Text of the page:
But the use of 4DX goes beyond Bullet Train’s emphasis on violence. Some comedic moments are given unexpected emphasis, such as when the image of an erupting bidet triggers a jet of water from the nozzle in front of each seat. Additionally, the film’s setting requires its own environmental flair, from the occasional gust of wind to a more consistent slight rocking of the seats that adapts to the swaying of railroad cars.

Some filmmakers are investing more in the way 4DX is implemented in their work. CJ Group is happy to invite you into the process. Earlier this year, Top Gun: Maverick director Joseph Kosinski, Lightyear director Angus MacLane and Doctor Strange in the Multiverse of Madness editor Bob Murawski visited the company’s Hollywood screening room and provided notes that were then sent to the Teams were sent back to Korea to streamline the experience.

“We work with filmmakers or studio reps to make sure the quality is right,” says Kim. “We worked directly with director Joseph Kosinski on ‘Top Gun: Maverick.’ He was in our theaters, in our screening room, testing and making sure everything was in line with his vision of how the film should be played.”

By inviting parties closer to the filmmaking process to collaborate, 4DX teams can better achieve the goal they set out to achieve – immersion.

“If the seats are moving for the full two hours of a movie, I don’t think it really takes advantage of 4DX,” says Kim. “4DX helps audiences feel much more immersed in a movie. We want to make sure it’s the right scene and we want to make sure it makes sense when we use certain effects.”

After re-releases leave theaters, the 4DX auditorium instructions remain archived within the CJ Group in case films are later re-released. The company continues to explore ways to implement 4DX with legacy film; Joe Dante’s Gremlins was released in the format over the 2019 holiday season.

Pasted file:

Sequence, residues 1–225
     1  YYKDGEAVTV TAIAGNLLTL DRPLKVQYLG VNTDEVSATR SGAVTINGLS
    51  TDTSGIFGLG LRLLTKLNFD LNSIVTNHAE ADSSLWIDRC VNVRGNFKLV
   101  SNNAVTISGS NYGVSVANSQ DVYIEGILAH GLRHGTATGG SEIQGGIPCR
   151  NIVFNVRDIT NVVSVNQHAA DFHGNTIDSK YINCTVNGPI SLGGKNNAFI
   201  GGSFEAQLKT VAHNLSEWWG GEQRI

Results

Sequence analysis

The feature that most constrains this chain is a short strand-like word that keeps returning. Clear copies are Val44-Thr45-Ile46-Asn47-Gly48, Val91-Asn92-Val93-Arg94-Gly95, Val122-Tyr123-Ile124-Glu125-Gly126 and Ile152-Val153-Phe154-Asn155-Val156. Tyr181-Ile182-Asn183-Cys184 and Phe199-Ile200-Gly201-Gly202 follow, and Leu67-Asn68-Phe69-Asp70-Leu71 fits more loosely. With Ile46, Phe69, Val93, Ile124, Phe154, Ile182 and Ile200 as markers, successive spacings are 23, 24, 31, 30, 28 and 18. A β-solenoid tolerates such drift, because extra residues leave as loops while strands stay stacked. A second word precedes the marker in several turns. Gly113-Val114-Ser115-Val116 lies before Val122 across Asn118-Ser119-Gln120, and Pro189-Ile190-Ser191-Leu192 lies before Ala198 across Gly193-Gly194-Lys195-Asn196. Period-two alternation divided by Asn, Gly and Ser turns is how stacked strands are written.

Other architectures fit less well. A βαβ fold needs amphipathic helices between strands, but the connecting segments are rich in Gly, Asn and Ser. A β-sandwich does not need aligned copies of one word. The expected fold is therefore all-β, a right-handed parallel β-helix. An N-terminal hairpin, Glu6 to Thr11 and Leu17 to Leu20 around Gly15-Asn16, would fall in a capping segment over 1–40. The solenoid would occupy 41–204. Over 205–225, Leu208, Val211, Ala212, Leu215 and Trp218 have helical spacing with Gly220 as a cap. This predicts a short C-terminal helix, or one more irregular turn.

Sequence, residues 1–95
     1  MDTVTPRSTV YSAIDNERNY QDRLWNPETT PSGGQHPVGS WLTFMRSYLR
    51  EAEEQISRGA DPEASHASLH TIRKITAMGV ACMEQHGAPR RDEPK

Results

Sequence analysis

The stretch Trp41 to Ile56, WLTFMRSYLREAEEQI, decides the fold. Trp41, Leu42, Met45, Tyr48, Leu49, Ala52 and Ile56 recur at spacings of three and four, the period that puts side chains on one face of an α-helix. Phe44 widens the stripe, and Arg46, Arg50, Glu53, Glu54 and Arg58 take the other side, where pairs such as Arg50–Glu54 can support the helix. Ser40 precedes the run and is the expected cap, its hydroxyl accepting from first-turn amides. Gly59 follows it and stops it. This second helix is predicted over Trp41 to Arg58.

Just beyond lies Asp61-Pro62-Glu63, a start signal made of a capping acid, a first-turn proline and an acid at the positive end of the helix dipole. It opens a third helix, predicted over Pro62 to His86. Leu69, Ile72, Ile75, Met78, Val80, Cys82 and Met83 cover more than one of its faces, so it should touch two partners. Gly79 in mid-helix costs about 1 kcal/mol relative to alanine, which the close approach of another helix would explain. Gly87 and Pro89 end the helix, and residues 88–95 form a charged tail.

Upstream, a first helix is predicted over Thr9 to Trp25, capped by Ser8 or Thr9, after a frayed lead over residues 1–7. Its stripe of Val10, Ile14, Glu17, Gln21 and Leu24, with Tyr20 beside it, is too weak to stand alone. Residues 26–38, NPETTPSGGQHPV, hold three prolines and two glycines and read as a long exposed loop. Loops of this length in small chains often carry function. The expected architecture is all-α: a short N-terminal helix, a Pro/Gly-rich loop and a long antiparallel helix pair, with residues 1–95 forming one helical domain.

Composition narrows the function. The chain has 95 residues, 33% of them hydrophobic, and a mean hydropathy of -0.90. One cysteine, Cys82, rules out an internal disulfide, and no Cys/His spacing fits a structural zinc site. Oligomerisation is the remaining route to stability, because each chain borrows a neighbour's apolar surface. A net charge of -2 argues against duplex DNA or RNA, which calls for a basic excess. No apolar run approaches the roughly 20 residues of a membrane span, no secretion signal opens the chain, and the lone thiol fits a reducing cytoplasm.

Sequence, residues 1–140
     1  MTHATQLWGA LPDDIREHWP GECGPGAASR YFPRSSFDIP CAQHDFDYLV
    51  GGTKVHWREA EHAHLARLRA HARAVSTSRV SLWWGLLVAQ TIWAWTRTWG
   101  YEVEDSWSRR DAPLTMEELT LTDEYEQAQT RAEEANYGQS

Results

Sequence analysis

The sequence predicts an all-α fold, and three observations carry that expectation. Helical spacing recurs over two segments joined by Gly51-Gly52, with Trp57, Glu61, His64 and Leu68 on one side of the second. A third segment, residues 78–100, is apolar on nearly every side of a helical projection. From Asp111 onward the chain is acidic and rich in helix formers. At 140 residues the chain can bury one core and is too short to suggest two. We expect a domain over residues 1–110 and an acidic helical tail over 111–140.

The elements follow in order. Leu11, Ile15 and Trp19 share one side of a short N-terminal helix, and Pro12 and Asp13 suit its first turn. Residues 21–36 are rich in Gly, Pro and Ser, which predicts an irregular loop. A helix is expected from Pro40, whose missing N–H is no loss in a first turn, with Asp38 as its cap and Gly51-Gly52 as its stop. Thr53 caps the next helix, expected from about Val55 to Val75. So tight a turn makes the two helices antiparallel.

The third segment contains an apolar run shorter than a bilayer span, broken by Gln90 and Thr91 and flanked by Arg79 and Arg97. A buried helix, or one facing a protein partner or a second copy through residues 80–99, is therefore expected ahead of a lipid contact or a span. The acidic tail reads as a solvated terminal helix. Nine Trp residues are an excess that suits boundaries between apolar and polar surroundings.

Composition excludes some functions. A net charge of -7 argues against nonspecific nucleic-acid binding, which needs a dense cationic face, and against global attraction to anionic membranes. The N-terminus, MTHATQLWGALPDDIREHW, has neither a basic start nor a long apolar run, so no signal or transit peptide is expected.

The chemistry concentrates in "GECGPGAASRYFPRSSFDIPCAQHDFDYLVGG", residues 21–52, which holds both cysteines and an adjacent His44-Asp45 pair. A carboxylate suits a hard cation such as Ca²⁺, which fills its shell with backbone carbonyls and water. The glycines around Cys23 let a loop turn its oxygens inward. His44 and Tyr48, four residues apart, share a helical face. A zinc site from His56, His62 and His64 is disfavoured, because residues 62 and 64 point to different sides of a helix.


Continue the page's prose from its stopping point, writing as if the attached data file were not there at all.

The first 4DX auditorium opened to the public in 2009, with a venue in Korea welcoming moviegoers to see James Cameron’s sci-fi epic Avatar in moving seats. In the years since, CJ Group’s entertainment division has dramatically expanded the format’s global footprint, with 57 theaters in North America and 783 worldwide. The company has also focused on another premium format – ScreenX, a panoramic auditorium that projects images around the audience using 270-degree screens.

While the COVID-19 pandemic has proven to be a turbulent time for the entire cinema industry, CJ Group notes that studios and consumers have shown an intensified interest in 4DX as lockdowns have been lifted. Top Gun: Maverick grossed over $50 million at the box office in the 4DX and ScreenX auditoriums, making it the highest-grossing release of any format to date.

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Tom Cruise in Top Gun: Maverick
Everett Collection/Paramount

“People just wanted to get out there and experience something different,” says MacDonald. “4DX is something you can’t get at home. It’s so different from a regular cinema experience. I think people were looking for this after the pandemic. We get our exit poll after every major title and there’s huge positive sentiment as far as a fully immersive experience is concerned. Nothing too much. Not too many backshots – just the right amount.”

According to popular legend, audiences in the 1890s, when they first saw The Arrival of a Train at La Ciotat by the Lumière brothers, were so alarmed by the image of a locomotive speeding toward them that the room erupted in a panic. Now, more than 125 years later, audiences in the auditoriums are instead immersed in the train on screen as Brad Pitt sends it flying off the tracks.